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Child Bitten by Dog Chained in Back Yard, New York Appellate Court Overturns Prior Decision


In New York, the laws that cover an attack by a dog on a person or other animal are handled in civil court as a motion to recover damages. A New York Injury Lawyer said in a situation where a dog has bitten a person, the dog is usually tied up or on a leash and a stranger approaches it. It is important to note that the dog is almost always considered at fault in this type of encounter even though the person had to approach the dog and not the other way around.

However, it is never a good idea to leave a dog chained or tied without a fence around them. People are often attracted to dogs and are known to approach them. No one should approach a strange dog, especially when the dog is tied and cannot retreat. Most cornered animals will turn and fight. A tied or chained dog is no exception. In some cases, an owner of a vicious dog uses poor judgment. One particular case demonstrates several issues.

In this case, a dog owner often left his dog chained in the back yard. The chain was attached to a stake in the ground, and there was no fence around the back yard. The dog was known to grown, bark and lunge to the end of his chain if anyone came in to the backyard. A Staten Island Personal Injury Lawyer said on one occasion, the dog’s owner told one of his neighbors to stay away from the dog because it was known to bite. On June 26, 1986, a child approached the dog and was bitten. It is critical to note that at the time of the attack, the dog was on a chain and was in his own back yard. Thus, the child who was bitten had ventured on to the property that was owned by the dog’s owner and gone into the reach of the dog who was secured by a chain.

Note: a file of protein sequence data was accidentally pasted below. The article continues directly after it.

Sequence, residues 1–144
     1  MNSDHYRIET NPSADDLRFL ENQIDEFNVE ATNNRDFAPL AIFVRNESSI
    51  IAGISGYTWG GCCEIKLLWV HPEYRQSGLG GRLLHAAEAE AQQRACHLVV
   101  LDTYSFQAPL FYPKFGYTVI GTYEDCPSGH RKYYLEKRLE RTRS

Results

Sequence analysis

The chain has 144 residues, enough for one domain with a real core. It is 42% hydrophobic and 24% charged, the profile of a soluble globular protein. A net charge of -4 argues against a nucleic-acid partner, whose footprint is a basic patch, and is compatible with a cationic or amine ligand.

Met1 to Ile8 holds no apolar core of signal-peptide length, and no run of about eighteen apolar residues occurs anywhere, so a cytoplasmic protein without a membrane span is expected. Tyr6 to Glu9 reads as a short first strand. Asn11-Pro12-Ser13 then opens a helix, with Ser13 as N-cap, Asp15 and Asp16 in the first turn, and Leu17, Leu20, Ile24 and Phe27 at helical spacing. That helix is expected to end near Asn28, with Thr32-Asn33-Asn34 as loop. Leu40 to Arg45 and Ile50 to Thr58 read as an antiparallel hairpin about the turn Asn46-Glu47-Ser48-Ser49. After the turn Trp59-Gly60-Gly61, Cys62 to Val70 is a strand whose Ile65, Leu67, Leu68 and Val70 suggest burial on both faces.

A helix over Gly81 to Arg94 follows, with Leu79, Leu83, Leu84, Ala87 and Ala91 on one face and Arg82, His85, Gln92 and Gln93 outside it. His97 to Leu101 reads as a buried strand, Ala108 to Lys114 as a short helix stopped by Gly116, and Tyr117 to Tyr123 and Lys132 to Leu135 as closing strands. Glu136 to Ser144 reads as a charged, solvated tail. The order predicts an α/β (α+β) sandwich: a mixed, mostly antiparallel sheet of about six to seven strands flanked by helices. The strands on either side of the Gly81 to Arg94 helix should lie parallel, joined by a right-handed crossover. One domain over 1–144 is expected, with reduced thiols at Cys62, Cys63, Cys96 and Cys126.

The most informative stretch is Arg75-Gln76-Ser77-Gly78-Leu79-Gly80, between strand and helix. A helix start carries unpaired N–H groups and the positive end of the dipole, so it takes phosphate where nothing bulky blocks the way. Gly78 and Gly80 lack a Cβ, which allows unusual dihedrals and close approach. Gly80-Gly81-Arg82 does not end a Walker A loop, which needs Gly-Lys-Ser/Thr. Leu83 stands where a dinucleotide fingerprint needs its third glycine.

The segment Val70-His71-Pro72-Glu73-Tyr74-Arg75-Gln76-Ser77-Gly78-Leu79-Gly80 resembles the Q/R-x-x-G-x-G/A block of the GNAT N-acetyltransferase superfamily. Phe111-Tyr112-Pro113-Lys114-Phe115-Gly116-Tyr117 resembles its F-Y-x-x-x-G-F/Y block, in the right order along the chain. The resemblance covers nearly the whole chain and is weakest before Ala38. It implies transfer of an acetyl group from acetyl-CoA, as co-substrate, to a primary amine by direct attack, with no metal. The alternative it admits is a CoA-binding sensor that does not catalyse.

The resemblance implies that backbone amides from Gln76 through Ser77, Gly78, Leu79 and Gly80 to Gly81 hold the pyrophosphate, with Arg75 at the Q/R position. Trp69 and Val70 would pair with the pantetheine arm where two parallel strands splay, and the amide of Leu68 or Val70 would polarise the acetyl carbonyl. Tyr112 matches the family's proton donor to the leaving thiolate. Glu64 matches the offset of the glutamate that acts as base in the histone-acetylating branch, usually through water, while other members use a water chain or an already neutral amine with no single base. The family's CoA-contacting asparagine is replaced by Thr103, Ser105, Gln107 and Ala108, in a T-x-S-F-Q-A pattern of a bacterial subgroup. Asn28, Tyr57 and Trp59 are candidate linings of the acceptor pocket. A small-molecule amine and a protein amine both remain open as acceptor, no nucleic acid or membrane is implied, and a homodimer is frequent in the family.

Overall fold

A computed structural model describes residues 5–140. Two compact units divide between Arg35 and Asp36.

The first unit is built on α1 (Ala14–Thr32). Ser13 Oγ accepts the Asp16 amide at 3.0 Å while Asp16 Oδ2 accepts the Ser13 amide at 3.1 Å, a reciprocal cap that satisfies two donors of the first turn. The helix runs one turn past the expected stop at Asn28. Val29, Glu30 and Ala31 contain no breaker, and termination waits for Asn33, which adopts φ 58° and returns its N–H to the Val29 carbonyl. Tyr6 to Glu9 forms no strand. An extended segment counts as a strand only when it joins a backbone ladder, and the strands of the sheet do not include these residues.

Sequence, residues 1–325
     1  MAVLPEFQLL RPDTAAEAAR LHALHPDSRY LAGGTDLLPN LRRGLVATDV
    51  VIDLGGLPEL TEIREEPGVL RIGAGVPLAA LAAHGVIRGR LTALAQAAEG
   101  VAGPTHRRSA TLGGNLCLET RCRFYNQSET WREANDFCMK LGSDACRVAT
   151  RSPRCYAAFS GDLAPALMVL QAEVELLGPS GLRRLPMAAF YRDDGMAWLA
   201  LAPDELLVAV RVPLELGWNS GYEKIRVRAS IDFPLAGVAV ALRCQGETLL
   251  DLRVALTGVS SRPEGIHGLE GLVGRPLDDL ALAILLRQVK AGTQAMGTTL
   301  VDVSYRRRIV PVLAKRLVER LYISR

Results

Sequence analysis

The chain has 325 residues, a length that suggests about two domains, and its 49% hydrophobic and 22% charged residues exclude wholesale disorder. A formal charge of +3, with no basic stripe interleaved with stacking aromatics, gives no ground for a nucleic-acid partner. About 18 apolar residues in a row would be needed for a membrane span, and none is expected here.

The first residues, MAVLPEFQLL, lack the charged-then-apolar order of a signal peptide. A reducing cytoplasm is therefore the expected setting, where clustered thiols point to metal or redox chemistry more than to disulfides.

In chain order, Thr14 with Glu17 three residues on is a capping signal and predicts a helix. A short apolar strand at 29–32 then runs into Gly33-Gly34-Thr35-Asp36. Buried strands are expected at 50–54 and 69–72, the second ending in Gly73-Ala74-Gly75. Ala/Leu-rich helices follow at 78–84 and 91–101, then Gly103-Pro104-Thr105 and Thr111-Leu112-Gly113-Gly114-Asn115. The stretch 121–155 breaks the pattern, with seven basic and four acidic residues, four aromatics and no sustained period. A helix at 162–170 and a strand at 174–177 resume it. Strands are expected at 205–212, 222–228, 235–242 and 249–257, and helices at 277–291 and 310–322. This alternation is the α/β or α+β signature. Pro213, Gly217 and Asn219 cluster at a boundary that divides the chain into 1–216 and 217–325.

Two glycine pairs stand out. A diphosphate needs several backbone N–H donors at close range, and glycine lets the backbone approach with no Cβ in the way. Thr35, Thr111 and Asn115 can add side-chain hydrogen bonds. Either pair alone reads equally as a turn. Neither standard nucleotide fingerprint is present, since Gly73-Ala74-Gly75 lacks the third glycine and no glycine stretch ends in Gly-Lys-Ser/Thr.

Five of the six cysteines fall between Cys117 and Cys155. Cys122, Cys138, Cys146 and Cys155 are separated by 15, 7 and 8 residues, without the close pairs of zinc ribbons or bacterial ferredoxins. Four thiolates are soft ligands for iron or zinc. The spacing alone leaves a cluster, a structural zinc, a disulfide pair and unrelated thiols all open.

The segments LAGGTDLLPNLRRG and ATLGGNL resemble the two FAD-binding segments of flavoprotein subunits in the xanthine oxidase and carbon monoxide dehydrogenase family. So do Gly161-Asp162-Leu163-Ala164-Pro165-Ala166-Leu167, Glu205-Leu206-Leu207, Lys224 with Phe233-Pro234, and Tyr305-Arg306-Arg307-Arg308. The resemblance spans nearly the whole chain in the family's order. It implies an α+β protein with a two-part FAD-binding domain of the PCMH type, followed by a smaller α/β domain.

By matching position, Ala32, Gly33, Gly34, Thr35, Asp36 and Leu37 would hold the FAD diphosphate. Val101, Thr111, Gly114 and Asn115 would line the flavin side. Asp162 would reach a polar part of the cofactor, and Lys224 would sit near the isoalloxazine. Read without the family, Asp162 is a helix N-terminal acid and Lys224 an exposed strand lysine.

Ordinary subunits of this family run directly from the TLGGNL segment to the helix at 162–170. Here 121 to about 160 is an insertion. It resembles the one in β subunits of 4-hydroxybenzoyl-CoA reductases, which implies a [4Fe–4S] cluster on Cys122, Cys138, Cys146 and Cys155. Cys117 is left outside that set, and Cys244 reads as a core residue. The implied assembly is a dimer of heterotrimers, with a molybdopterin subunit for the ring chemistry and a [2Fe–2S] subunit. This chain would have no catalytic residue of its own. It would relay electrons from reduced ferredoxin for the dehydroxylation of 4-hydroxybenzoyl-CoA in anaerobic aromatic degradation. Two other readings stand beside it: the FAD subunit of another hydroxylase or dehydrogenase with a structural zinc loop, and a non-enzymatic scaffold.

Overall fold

The trial court that the case was presented to dismissed the case because they stated that the child’s lawyer had failed to make a prima facie case to establish a complaint. On appeal, the verdict was overturned and the Supreme Court advised that they felt that the complainant had provided sufficient evidence that the dog was vicious. This was proven by the dog’s proclivity to growl, bark and lunge to the end of his chain at people. They also felt that the case was proven that the owner of the dog knew that the dog was vicious. The neighbor who was warned to stay away from the dog because it bites proved this. The Supreme Court maintains that the evidence established that the dog was vicious and the owner knew that it was, so the dog should have been maintained in a manner that would protect the public from the dog.

The question remains, that if the dog was chained in the owner’s back yard, was it a danger to the public? If the child was trespassing on the property of the owner and was bitten by the owner’s dog, is it the owner’s fault? Unfortunately, the days of being able to protect your own property are being threatened. This case is only one of several. Some have even been brought when a homeowner’s dog bit a man possessing burglary tools. The man had climbed a fence into the backyard of the home in order to break in to it. The owner’s dog was on a chain inside the fenced yard in the middle of the night when he bit the burglar. A Queens Personal Injury Lawyer said the burglar filed suit against the homeowner and won. If you are a dog owner facing charges because someone trespassed on your property and approached your dog, you need an attorney to represent you.

At Stephen Bilkis & Associates, we are here to help you. Our New York Dog Bite Lawyers will protect you and your dog. If you are the victim of a vicious dog or other animal, medical malpractice or have been injured due to the negligence of another, contact us right away!

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